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Middle East and North Africa: Trade and Investment Relations with the United States and Implications on American Foreign Policy

July 11, 2017

The Middle East and North Africa region is considered one of the most politically unstable regions in the world, yet the region has always had extreme significance in foreign affairs as a result of its great economic potential. 

The countries that officially make up this region are Algeria, Bahrain, Egypt, Iran, Iraq, Israel, Jordan, Kuwait, Lebanon, Libya, Morocco, Oman, Qatar, Saudi Arabia, Syria, Tunisia, United Arab Emirates, and Yemen; most of these countries are either allies of the United States or have had a significant American presence, particularly a military presence, as a result of international security threats. This region has always had a high potential value in terms of U.S. commercial and foreign policy interests, especially as economic development, supported through enhanced trade and investment ties, have consistently been viewed as an effective means of advancing American goals of peace and stability in the region [1].

History of Trade and Investment Relations with MENA

Immediately following World War II, the United States dramatically increased its presence in the region with trade and investment reaching approximately $2 billion annually, particularly due to petroleum investments. By 1979, U.S. exports to the Middle East had increased to approximately $15 billion, with imports reaching around $19.5 billion. The majority of trade was concentrated in oil exporting countries, with 80% of U.S. exports going to these countries and 95% of imports being received from these countries [5]. Trade and investment in the Middle East and North Africa region have been major contributors to stability, particularly as a result of the many conflicting interests within the region and the international community.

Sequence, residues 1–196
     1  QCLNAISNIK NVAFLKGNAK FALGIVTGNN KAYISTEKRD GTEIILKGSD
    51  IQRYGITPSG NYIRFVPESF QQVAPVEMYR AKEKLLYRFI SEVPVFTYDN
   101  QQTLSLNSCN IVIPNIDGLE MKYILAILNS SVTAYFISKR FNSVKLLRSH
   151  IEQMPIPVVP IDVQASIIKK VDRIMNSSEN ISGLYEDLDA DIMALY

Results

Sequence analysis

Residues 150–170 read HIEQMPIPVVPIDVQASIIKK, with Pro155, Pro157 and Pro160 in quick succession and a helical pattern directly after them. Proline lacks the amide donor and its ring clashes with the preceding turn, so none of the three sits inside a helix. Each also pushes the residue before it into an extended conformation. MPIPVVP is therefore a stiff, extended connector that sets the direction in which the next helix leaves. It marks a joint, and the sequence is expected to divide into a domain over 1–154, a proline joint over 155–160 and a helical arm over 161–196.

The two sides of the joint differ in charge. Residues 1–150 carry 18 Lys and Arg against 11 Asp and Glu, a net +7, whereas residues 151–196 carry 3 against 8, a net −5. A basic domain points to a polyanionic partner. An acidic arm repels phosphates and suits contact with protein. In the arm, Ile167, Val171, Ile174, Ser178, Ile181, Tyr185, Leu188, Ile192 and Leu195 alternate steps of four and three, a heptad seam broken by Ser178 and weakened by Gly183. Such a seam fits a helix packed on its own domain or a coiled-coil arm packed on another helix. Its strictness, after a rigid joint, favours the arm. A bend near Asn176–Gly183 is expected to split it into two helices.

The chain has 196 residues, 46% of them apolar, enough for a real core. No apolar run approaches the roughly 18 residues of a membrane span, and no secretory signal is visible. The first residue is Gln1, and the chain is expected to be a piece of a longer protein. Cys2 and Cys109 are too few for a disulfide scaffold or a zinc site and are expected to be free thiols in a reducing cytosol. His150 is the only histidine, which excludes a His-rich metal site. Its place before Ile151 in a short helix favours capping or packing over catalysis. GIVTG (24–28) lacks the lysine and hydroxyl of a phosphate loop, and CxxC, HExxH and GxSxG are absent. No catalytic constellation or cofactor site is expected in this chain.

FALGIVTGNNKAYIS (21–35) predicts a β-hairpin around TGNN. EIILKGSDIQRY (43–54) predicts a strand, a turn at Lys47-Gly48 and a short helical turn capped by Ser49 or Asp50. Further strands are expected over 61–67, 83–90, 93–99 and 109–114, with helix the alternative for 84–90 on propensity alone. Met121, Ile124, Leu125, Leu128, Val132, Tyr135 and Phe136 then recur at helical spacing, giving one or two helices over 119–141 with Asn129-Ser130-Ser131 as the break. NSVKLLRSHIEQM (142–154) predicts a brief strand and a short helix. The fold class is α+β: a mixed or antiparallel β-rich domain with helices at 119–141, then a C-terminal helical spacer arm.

Figure 1: A map of the countries that make up the Middle East and North Africa region. Source: Department of State.

Figure 1: A map of the countries that make up the Middle East and North Africa region. Source: Department of State.

In order to enhance these trade and investment ties, the U.S. employs multiple tools of economic diplomacy: Qualifying Industrial Zones (QIZs), Trade and Investment Framework Agreements (TIFAs), and Federal Trade Agreements (FTAs) [2]. The U.S. has sought Free Trade Agreements, such as with Jordan, Israel, Morocco, Bahrain, and Oman, and Trade and Investment Framework Agreements with various states within the region. The objective of these agreements is to increase American exports while assisting with the development of intra-regional economic ties [1]. These trade agreements have greatly increased the region’s importance in American economic policies, as the countries in the region, together, would rank 4th as an export market for the United States with exports to the region counting for 5.1% of overall U.S. goods exports in 2008 [1].